Amie Ferris-Rotman   More female reporters abroad (please)

Raju Narisetti   Mirror, mirror on the wall

Matt Thompson   Here come the attention managers

Michelle Ferrier   The year of the great reckoning

Trushar Barot   The Jio-fication of India

Christopher Meighan   Passive partnership is in the rearview

Ståle Grut   Reclaiming audience interaction from social networks

Jim Brady   With the people, not just of the people

C.W. Anderson   The social media apocalypse

S. Mitra Kalita   The arc of news and audience

Caitria O'Neill   The new court of public opinion

Mi-Ai Parrish   Blockchain and trust

Dan Newman   A return to trust

Mariano Blejman   News games rule

Dan Shanoff   You down with OTT? (Yeah, DTC)

Alastair Coote   The year of self-improvement

Basile Simon   We need better career paths for news nerds

Alan Soon   The rise of start of psychographic, micro-targeted media

Doris Truong   Computer vision vs. the Internet vigilantes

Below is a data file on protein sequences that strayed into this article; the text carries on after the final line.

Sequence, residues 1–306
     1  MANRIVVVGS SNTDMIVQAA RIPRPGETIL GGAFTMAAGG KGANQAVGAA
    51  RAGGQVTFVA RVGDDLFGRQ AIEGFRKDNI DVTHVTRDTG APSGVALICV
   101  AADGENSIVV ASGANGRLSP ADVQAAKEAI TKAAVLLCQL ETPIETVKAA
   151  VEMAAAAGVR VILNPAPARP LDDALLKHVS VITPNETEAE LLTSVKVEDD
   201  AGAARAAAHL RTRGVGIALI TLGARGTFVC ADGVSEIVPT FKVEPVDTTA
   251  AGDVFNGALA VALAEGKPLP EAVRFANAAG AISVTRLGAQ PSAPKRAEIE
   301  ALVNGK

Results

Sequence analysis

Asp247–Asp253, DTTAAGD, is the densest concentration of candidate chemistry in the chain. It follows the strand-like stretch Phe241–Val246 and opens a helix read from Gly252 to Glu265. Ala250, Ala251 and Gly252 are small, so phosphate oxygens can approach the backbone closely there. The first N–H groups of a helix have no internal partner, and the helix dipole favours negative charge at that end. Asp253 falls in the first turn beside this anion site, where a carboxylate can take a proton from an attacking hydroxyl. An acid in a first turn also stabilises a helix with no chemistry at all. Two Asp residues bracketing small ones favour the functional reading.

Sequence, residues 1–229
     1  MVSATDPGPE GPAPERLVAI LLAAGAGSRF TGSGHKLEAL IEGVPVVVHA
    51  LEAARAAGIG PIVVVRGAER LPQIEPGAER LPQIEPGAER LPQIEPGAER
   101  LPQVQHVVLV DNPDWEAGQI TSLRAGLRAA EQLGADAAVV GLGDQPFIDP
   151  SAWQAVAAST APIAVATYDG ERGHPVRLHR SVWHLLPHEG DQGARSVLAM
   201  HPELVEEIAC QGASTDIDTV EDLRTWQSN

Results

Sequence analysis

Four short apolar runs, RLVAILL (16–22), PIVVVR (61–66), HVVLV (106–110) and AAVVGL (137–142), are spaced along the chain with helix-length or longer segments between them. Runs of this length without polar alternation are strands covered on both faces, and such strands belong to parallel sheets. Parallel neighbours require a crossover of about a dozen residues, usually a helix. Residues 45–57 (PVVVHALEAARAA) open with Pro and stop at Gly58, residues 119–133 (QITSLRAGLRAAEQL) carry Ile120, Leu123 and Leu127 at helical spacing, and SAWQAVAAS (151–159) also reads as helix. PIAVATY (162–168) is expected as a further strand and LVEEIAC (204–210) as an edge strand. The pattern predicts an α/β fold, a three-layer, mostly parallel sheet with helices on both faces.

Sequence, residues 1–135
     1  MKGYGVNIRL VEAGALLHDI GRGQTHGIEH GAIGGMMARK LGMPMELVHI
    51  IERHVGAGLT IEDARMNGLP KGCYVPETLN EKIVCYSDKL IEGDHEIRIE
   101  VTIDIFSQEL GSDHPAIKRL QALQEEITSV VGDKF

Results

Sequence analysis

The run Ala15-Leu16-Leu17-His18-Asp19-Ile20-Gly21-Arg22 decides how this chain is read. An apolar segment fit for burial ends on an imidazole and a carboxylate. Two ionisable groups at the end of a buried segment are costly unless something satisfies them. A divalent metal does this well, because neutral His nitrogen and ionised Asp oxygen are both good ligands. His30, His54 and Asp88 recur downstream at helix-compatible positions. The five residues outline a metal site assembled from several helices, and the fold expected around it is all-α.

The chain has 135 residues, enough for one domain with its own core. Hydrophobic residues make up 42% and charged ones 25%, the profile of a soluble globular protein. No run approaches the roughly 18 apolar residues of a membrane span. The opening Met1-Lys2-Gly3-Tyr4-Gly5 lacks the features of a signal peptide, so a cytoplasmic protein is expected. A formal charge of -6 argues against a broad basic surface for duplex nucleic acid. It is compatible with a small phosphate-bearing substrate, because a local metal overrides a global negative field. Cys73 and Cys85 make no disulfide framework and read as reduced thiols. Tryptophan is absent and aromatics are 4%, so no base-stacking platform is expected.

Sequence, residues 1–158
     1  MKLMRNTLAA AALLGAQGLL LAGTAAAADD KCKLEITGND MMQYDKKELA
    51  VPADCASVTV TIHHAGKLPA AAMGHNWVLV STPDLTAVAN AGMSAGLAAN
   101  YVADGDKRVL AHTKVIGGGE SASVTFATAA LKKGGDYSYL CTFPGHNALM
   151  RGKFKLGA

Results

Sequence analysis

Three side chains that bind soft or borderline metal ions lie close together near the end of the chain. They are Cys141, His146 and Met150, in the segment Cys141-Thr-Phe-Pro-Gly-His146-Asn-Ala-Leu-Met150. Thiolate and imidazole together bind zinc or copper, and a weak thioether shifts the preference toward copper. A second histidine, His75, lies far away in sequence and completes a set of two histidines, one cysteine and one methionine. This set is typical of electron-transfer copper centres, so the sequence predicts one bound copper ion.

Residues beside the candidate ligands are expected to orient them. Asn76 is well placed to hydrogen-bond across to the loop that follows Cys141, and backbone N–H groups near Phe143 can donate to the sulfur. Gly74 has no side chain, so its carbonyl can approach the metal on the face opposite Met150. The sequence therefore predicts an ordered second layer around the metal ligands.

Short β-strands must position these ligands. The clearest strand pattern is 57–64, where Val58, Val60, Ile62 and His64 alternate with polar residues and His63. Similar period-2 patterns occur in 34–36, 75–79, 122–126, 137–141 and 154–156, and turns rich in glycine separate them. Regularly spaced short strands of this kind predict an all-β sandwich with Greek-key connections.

Mary Meehan   Real lives are at stake in rural areas

Rachel Schallom   Better design helps differentiate opinion and news

Hossein Derakhshan   Television has won

Andrew Ramsammy   The year ownership mattered

Pete Brown   Push alerts, personalized

Kyle Ellis   Let’s build our way out of this

Emily Goligoski   Looking beyond news for inspiration

Sarah Marshall   Loyalty as the key performance indicator

Joanne McNeil   Gatekeeping the gatekeepers

Bill Keller   A growing turn to philanthropy

Molly de Aguiar   Good journalism won’t be enough

Kelsey Proud   No, no, no

Francesco Marconi   The year of machine-to-machine journalism

Sue Schardt   Jump the niche

Niketa Patel   Live journalism comes of age

Lucas Graves   From algorithms to institutions